Water Resources Management

Federal Resources

The federal government offers a range of programs associated with the conservation and protection of water and natural resources. These programs offer a wealth of information on water quality, habitat inventories, soil information, and much more. Contact these federal agencies for both technical and financial assistance. The online Catalog of Federal Domestic Assistance gives you access to a database of all federal programs available to State and local governments, domestic public, quasi-public, private profit and nonprofit organizations and institutions, specialized groups, and individuals. You can search this database to find grant and funding opportunities meeting the requirements for your waterfront project. You can then contact the office that administers the program and find out how to apply. Also available on this site are several aids to guide you in the writing of a proposal to apply for assistance.

The National Oceanic and Atmospheric Administration (NOAA) is the source of a wealth of information relevant to water quality restoration and protection. The nation's coasts are managed by the coastal states and territories through the federal Coastal Zone Management Program (CZMP). The CZMP is a federal-state partnership dedicated to comprehensive management of the nation's coastal resources, ensuring their protection for future generations while balancing competing national economic, cultural, and environmental interests. To carry out NOAA's responsibilities under the Coastal Zone Management Act, OCRM works directly with coastal states and territories to support the development of Coastal Management Programs and National Estuarine Research Reserves, provide technical and financial assistance to coastal program and reserve operations, and promote coastal stewardship on a variety of critical coastal issues (see Regional Resources for more information of the Hudson Rivers National Estuarine Research Reserve). Such issues include: coastal habitat protection and restoration; coastal hazards; public access to the shore for recreation; sustainable development of coastal communities, including urban waterfronts; and polluted runoff. In 1990, Congress established a new program requiring coastal states such as New York to prepare a Coastal Nonpoint Pollution Control Program to implement a series of management measures.

The United States Environmental Protection Agency (USEPA) protects environmental quality through a variety of air, water, pollution, and toxics and chemicals management programs, primarily through its Office of Wetlands, Oceans and Watersheds. USEPA provides information on water quality programs and assistance with planning and managing watersheds, water quality, wetlands, and groundwater and surface water supplies and wastewater treatment. USEPA also administers the National Estuary Program, which includes three estuaries in New York: New York/New Jersey Harbor Estuary Program, Peconic Estuary Program, and the Long Island Sound Study, which are highlighted in Regional Resources.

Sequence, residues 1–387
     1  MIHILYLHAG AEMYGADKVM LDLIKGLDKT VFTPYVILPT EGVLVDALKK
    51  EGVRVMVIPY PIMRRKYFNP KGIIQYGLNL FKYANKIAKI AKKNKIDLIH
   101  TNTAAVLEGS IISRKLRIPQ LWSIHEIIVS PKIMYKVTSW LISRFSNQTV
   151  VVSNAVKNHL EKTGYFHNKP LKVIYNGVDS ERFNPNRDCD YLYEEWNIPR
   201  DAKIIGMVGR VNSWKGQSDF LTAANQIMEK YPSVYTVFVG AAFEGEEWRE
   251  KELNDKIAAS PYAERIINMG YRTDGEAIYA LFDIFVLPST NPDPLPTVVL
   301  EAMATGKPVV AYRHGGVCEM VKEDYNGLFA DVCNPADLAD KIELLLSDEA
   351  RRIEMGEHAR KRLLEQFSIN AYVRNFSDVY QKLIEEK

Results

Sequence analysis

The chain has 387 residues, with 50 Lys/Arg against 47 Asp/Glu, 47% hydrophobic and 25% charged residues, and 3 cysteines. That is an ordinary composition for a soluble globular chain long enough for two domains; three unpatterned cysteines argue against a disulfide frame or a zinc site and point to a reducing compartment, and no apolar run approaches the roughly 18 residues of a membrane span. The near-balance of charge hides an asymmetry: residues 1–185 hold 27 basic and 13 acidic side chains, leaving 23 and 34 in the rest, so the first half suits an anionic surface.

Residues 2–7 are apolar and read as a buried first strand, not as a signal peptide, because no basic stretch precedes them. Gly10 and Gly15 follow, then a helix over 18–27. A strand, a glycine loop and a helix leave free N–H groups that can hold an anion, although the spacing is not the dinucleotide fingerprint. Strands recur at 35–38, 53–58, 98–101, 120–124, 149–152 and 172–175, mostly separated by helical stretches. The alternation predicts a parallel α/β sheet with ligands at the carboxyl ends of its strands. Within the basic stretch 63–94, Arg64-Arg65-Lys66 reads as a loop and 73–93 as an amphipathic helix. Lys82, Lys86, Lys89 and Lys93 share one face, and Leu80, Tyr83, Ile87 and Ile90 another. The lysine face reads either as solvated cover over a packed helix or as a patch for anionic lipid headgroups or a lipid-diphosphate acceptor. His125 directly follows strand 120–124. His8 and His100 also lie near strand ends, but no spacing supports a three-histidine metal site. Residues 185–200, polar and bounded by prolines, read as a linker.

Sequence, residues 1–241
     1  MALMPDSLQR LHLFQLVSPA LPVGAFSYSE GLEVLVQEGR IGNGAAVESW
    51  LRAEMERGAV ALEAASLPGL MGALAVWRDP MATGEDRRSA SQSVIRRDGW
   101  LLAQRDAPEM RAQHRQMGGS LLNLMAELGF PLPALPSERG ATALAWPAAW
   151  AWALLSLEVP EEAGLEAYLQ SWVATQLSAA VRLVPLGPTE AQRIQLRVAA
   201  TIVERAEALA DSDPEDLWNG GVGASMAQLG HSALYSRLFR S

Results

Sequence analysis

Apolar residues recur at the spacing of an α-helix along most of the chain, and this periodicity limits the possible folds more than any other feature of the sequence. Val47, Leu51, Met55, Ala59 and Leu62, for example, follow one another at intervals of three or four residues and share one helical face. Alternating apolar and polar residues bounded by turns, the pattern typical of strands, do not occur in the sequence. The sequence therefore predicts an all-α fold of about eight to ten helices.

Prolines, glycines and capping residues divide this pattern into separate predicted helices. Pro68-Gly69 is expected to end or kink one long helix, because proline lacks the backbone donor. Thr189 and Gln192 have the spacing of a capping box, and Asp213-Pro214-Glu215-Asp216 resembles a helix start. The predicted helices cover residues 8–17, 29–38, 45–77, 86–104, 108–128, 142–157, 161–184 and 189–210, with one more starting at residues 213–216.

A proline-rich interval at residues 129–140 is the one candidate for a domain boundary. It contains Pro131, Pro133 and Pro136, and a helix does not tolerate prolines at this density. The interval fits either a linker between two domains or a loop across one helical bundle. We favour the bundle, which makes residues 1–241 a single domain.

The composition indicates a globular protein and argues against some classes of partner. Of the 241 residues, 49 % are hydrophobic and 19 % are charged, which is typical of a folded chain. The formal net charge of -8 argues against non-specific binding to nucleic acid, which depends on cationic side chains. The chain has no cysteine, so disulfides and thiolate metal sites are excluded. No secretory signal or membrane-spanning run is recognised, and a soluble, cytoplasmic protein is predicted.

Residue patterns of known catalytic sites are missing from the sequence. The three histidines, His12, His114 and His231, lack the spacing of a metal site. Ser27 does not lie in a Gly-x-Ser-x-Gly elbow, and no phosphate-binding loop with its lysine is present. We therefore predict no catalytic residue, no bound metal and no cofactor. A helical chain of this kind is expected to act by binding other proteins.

The United States Fish and Wildlife Service (USFWS) administers most of the nation's fish and wildlife management programs, including terrestrial and freshwater endangered species protection and migratory bird management. USFWS manages public lands and outdoor recreation as part of the National Wildlife Refuge system. USFWS also offers several funding programs, including Coastal Wetland Conservation Grants and North American Wetlands Conservation Act (NAWCA) grants.  The New York, Cortland field office can provide you with state and regional information.

The U.S. Geological Survey (USGS) can provide you with information on stream flow, water quality, water quantity, maps, and application software. The USGS has real time data, surface water data, and ground water information. USGS also provides historic topographic maps which can be helpful when delineating your watershed. historical.maptech.com/index.cfm. The USGS New York office, in partnership with collaborating agencies, has conducted assessments of streams in several of New York’s physiographic regions to develop regional stream curves, which illustrate the relationship between watershed size, stream form, and discharge. These relationships will be useful in guiding future stream restoration activities. You can also find publications, including site specific investigations and circulars, which are useful in building understanding of watershed processes.

The U.S. Department of Agriculture can provide assistance with rural development and help communities with natural resource concerns, such as erosion control, watershed protection, and forestry. The Forest Service (http://www.fs.fed.us ) and the Natural Resources Conservation Serviceare two agencies under the Natural Resources and Environment section of the USDA.